One of the most celebrated charter school outfits in the country has yet to hit its stride in Florida. The KIPP Impact Middle School in Jacksonville saw its school grade fall from a B to a C this year, and it was spared from sliding further by a state “safety net.”
Still, organizers are optimistic that great things are still to come.
“There is a sort of tortoise and hare component to this work,’’ said KIPP Jacksonville Executive Director Tom Majdanics. “We realize we certainly have a lot more work to do, but we’re still in the early innings.’’
KIPP (Knowledge Is Power Program) schools are nationally renowned for focusing on high-poverty students and setting the bar high for academic success. When the Jacksonville KIPP opened in 2010 to 80 fifth-graders – a model favored by KIPP – U.S. Secretary of Education Arne Duncan cut the ribbon.
“I want every child in the country to have these kinds of opportunities, where there are such high expectations, where there’s a college going culture from day one,’’ he said at the time.
Despite the high hopes, the school ended its first year with an F. The next year, it rebounded to a B, with progress fueled in large part by big learning gains for sixth-graders in reading and math. But even with those sixth-graders moving on to seventh-grade last year, KIPP fell to a C.
The school would have earned a D without a provision the state Board of Education passed in July to keep schools from falling more than one letter grade. Gary Chartrand, BOE chairman, is a member of the KIPP Impact board of director and helped bring the school to Florida.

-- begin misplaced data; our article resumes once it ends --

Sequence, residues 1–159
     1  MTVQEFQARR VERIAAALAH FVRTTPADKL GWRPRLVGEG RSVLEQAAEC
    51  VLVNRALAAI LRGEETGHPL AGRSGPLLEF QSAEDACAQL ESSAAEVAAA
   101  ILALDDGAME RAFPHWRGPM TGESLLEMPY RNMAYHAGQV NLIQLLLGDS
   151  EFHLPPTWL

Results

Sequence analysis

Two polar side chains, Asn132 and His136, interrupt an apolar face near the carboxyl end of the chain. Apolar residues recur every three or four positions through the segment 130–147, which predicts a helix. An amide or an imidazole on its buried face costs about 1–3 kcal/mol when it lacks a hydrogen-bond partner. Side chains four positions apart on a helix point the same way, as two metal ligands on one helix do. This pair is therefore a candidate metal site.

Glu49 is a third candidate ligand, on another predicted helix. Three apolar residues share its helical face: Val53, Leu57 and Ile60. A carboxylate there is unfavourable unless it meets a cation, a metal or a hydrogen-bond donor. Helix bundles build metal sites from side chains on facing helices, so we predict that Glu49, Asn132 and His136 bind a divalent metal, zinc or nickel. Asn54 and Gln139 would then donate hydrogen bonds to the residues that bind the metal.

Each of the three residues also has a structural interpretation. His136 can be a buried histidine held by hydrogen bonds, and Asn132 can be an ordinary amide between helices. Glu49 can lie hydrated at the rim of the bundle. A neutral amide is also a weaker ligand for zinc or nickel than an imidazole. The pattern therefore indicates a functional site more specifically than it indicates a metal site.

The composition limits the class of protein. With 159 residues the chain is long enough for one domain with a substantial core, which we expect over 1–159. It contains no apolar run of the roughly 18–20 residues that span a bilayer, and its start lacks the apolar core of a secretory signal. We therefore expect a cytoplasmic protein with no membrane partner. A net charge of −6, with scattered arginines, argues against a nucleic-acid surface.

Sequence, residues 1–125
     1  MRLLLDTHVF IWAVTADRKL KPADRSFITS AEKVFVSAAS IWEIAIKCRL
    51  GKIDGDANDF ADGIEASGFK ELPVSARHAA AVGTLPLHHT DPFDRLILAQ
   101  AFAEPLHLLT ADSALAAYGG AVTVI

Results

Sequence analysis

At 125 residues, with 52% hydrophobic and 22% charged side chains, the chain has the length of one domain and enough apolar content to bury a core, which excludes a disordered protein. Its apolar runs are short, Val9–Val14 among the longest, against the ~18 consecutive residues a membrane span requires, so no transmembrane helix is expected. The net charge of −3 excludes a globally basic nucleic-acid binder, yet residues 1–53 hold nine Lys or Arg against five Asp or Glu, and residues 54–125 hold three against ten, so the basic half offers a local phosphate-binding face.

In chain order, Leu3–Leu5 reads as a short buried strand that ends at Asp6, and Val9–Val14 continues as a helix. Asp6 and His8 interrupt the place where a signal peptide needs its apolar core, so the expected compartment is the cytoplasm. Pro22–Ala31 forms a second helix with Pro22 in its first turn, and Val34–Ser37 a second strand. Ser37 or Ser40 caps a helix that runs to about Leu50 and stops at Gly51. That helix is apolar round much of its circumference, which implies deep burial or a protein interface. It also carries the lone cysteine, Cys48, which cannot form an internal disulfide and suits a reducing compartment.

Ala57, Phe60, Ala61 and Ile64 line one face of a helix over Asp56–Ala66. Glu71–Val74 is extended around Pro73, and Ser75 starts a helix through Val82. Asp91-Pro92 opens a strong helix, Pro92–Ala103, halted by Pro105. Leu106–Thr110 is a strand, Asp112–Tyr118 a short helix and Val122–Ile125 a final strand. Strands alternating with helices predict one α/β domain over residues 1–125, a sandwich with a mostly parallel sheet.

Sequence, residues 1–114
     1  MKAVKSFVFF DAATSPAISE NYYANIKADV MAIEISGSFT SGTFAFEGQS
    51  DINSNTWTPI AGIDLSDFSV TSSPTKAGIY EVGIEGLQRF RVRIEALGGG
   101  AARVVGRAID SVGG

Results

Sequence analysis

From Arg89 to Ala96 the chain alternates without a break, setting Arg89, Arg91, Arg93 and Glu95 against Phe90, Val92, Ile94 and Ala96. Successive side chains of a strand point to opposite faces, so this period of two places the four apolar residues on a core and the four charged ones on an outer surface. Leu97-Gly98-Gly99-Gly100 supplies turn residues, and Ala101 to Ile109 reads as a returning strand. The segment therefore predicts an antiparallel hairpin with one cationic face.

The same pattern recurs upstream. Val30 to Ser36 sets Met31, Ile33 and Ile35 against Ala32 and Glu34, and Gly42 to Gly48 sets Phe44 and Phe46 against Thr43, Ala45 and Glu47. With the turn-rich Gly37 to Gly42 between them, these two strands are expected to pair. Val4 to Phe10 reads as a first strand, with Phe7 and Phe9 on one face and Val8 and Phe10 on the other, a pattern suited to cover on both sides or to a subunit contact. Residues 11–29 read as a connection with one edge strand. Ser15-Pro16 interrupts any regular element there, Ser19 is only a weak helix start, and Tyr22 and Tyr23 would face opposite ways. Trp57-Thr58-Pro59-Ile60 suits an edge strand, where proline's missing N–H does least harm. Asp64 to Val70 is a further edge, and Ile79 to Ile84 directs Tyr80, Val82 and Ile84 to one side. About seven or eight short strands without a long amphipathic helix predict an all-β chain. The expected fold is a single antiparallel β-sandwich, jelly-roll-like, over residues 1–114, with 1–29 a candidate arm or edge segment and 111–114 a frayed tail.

The cushion affected hundreds of schools, with district schools benefitting at a higher rate than charters.
“We still made gains, but not as eye-popping as the year before,’’ said Majdanics, who noted a few factors that influenced the grade.
Because KIPP Impact didn’t have eighth-graders last year, school grading rules required it be given the average writing score for the school district it’s located in – and Majdanics suggested KIPP would have scored higher. The school also didn’t have the opportunity to earn extra points, like other middle schools did, by enrolling eighth-graders in Algebra I.
“That would have been a healthy boost to our grade’’ and landed the school a solid C without the safety net, Majdanics said.
Regardless, he said, it has never been the KIPP way to focus on one year’s grade. “Ultimately, our goal is preparing kids for college,’’ said Majdanics, who also serves on the board of the Florida Charter School Alliance. Passing the FCAT is important, but it doesn’t mean a student is ready to make it to and through college, he said. KIPP believes students need a strong foundation in college-ready habits and character development for college success.
KIPP Impact heads into the new school year with 353 students. A top goal: Getting two-thirds of the eighth-grade class to pass the Algebra I end-of-course exam. That would open doors to some of the communities’ best high schools.
KIPP also has an elementary school in Jacksonville, KIPP VOICE, which opened last fall with kindergarten. This year, there will be 197 students in K-1 with plans to add a grade level each year until the school reaches fourth grade.
Editor’s note: This story has been updated to clarify a comment about the FCAT that KIPP Jacksonville Executive Director Tom Majdanics said was taken out of context.
I wish KIPP well but I also wish the author would have mentioned how their school day is longer and that they spend more per pupil than public schools do too.